Driving Queer Inclusivity in South African Schools

June is globally recognised as Pride month and remains a universally significant time of the year for the LGBTQIA+ community to celebrate and spread awareness of issues the community faces. In South Africa, both Western Cape and Gauteng generally have good access to well established support groups such as the Triangle Project, OUT and GALA that work on implementing change and social justice, awareness and creating safe spaces. This support is there for those who know of them, but what about those who don’t have access or know how to reach them? What about accessible Queer support structures within schools for the youth who struggle with their own gender identity and sexuality? 

It can be quite a controversial topic when discussing whether access to LGBTQIA+ support should be made available to high school students or even taught in the  classroom. Last year, the Western Cape Education Department (WCED) introduced  for the first time a draft guideline for schools on Gender Identity and Sexual  Orientation which was made public, giving people the opportunity to comment on its proposals. However, according to Equal Education (EE) this guideline needs a lot more work in protecting the rights of LGBTQIA+ youth and through the feedback they continue to submit to the WCED, it remains a work in progress. Despite its perceived flaws and the amount of work needed to improve the guideline, one has to appreciate the groundbreaking steps taken toward implementing inclusivity in public schools. 

Once successful, it could lead to both students and teachers having access to training and tools that enable them to effectively, and respectfully engage gender non-normative individuals. The draft included examples of students’ freedom in partner choice when attending school dances and events, availability of unisex and gender-neutral bathrooms, and safe spaces.

Safe spaces like these are very much needed. Although many think these changes should have been implemented years ago, one has to appreciate that it’s a work in progress and a step in the direction of finally normalising queer inclusivity in South African schools and communities. Unfortunately, until these guidelines become policy, the possibility exists that internalised homophobia and/or transphobia continues being perpetuated through actions of bullying and intolerance in schools and in general due to misinformation and lack of education. This is often due to preconceived ideas and mindsets inherited from youngsters’ communities and peers where it’s taboo to talk about, or even acknowledged. Unfortunately, this creates an environment where young people brimming with potential are often reduced to hiding in the shadows, and living in fear.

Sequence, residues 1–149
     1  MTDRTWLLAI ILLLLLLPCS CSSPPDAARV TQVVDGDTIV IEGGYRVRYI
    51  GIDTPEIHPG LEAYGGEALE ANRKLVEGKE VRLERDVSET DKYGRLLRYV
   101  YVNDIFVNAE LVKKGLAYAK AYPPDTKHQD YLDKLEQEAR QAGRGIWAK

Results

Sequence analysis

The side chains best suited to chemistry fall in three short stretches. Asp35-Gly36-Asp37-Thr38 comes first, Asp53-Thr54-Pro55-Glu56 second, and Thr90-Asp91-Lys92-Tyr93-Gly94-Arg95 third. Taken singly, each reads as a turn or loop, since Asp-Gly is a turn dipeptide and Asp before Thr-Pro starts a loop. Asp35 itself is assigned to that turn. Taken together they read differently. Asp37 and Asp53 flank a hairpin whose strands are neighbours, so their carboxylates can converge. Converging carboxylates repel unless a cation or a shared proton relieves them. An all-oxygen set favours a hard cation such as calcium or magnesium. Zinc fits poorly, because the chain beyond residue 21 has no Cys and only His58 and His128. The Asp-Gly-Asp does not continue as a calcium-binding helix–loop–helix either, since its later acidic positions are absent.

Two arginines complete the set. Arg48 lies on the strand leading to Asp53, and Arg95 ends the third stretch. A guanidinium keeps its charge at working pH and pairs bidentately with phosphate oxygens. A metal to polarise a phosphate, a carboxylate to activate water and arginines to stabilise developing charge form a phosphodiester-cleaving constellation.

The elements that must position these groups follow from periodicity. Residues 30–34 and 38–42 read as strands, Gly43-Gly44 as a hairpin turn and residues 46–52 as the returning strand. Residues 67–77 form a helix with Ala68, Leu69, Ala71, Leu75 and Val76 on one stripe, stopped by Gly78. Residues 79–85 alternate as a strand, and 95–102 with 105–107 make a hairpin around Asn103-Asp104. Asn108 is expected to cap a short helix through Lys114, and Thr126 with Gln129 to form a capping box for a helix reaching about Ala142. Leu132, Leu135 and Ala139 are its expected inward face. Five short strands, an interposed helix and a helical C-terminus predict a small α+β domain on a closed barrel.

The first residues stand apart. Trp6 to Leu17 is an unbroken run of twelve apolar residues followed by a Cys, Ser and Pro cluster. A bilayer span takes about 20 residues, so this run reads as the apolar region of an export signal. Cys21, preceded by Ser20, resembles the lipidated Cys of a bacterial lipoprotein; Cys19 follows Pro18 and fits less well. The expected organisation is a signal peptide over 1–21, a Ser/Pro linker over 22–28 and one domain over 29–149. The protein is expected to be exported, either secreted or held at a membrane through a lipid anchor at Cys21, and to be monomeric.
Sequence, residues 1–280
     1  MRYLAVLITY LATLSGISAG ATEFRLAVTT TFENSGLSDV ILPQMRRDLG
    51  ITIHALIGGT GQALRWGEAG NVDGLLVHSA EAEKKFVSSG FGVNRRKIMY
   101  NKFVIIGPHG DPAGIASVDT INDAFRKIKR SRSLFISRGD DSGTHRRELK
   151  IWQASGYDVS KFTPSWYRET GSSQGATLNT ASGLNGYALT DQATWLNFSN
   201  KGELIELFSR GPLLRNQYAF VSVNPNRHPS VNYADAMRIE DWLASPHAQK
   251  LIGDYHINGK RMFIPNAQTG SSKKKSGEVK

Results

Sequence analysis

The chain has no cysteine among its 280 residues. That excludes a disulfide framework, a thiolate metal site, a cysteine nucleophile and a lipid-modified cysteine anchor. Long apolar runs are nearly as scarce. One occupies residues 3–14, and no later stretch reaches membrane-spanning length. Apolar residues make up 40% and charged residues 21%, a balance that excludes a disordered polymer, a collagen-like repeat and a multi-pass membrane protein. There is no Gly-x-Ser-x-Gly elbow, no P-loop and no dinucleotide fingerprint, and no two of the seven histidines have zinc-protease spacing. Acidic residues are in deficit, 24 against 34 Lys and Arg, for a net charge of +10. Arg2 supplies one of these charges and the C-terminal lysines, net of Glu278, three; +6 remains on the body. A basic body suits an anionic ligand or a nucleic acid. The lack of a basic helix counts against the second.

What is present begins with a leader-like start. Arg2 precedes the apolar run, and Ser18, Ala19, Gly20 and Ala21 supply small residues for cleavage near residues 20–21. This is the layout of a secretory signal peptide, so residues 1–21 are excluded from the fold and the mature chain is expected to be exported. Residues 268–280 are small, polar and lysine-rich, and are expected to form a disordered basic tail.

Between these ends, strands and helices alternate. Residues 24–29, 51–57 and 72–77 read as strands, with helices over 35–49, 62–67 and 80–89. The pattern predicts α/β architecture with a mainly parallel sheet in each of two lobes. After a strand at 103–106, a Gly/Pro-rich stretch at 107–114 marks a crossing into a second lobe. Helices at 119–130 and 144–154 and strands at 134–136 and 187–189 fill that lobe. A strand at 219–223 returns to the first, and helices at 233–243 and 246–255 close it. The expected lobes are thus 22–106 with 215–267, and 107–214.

Introducing Queer support clubs is one way in which schools can lay the foundation of safe spaces that provide access to authentic information and advice, just as the majority of American schools have made use of their Gay Straight Alliance (GSA)  clubs. Leading South African schools such as Rustenburg Girls’ High School have Queer clubs whereas schools such as Wynberg Girls’ High School, Westerford and Camps Bay have been extraordinary examples of accommodating transgender students. 

They allow for in-person and in-depth advice and voluntary therapeutic group  sessions amongst students who can relate to the issues experienced. It is hard  enough for queer students to explore, process and accept who they are especially  for queer people of colour living in communities where such topics remains largely stigmatized. It gives them the chance to create a community of support and resources they can rely on and raise awareness of. Ultimately, these clubs pave the way for small steps of progress towards a brighter future for the entire South Africa, and ultimately, the world.  

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